• The connection between Firefox and the website is only partially encrypted and does not prevent eavesdropping.

Google Reader - Gray warning - Win

Sometimes, like in the case of Google Reader, it means that some of the content displayed comes from websites that are not encrypted. You can see more information about the site by clicking the More Information... button on the Site Identification dialog. This will open the Security panel of the Page Info window - View technical details about the page you are on, where you can view the site's identity certificate, see if you've visited the site before, and if you have any cookies or passwords stored for the site.

Green padlock

A green padlock indicates:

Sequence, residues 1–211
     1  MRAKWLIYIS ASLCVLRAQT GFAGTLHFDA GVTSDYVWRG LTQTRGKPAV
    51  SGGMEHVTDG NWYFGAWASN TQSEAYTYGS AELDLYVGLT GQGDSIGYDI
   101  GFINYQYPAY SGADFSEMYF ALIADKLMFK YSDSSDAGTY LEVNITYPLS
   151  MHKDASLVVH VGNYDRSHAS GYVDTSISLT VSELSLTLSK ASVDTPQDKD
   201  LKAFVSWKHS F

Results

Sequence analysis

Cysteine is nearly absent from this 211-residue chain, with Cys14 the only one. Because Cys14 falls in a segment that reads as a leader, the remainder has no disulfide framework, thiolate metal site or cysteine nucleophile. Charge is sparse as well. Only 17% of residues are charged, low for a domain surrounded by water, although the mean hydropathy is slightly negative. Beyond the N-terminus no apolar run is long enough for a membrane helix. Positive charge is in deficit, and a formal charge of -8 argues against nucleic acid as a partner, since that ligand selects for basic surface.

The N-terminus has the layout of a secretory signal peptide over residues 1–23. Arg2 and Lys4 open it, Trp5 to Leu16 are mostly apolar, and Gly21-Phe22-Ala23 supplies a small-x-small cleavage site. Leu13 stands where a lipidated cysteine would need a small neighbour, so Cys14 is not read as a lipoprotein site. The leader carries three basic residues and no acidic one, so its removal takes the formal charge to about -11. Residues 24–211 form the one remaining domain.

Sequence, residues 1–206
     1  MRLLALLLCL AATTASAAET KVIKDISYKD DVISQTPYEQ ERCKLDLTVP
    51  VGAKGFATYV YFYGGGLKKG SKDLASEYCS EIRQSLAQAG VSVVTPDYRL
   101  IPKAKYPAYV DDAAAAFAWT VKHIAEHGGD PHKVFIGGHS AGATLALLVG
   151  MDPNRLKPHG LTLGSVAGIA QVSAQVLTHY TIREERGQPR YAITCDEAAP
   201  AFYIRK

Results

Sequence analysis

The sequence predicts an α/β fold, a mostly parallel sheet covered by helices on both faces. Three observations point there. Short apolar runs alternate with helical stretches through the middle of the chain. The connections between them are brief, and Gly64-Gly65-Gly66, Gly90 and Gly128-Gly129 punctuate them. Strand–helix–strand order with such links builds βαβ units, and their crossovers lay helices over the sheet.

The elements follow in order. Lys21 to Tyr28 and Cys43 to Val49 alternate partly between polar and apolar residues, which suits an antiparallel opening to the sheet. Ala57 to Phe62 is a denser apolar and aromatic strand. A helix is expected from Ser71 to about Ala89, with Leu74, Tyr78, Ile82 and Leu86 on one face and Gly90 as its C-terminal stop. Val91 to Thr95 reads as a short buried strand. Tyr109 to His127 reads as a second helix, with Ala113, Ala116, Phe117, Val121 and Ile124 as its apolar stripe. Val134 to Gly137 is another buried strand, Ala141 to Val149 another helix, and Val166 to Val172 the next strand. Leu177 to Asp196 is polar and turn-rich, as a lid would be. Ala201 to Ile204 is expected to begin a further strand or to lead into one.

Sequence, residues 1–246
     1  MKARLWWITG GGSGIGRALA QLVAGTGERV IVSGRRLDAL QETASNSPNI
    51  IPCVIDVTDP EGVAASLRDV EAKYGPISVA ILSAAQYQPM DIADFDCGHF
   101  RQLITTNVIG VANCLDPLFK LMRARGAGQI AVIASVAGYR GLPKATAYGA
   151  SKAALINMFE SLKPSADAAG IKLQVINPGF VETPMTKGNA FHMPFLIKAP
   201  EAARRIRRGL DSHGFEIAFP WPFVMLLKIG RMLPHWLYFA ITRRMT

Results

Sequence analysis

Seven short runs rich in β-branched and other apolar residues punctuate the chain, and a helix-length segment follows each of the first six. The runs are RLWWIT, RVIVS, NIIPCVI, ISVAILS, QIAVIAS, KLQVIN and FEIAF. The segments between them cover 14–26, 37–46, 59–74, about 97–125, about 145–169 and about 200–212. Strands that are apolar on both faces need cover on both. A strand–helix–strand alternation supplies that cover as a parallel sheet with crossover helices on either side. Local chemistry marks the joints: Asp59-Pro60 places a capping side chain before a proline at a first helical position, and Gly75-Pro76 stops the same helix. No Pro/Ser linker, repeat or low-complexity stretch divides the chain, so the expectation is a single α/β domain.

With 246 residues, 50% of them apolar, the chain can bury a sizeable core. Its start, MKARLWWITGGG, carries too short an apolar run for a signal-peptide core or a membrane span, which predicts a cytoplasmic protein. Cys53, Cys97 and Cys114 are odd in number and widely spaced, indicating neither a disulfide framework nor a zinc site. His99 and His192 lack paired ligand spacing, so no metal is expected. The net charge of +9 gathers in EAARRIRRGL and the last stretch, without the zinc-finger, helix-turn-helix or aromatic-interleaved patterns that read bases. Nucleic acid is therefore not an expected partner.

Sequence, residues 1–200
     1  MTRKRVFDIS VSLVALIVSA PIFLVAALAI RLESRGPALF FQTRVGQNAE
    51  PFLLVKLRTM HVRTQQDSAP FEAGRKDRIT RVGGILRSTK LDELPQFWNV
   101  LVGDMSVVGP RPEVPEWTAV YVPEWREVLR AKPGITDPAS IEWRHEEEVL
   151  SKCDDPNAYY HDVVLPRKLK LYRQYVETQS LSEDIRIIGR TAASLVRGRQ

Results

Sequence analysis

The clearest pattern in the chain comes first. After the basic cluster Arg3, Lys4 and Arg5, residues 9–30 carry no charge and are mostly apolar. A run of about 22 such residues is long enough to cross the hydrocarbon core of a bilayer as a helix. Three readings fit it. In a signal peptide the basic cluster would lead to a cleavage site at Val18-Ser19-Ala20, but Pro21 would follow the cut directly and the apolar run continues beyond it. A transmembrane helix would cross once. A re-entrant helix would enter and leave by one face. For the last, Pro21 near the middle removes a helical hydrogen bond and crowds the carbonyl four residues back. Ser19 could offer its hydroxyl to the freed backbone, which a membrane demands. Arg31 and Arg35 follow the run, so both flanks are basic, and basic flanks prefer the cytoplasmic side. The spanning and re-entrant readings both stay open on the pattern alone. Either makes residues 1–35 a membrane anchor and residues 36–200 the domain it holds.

• The website's address has been verified using an Extended Validation (EV) certificate.
  • The connection between Firefox and the website is encrypted to prevent eavesdropping.

PayPal - Green padlock - Win

A green padlock plus the name of the company or organization in green means that website is using an Extended Validation (EV) certificate. An EV certificate is a special type of site certificate that requires a significantly more rigorous identity verification process than other types of certificates. While the gray padlock indicates that a site uses a secure connection, the green padlock indicates that the connection is secure and that the owners of the domain are who you would expect them to be.

With the EV certificate, the Site Identity Button assures you that paypal.com is owned by Paypal Inc., for example. Not only does the padlock turn green on the Paypal site, it also expands and displays the name of the owner in the button itself.


 




Based on information from dria.org » Blog Archive » Firefox 3: Site Identification button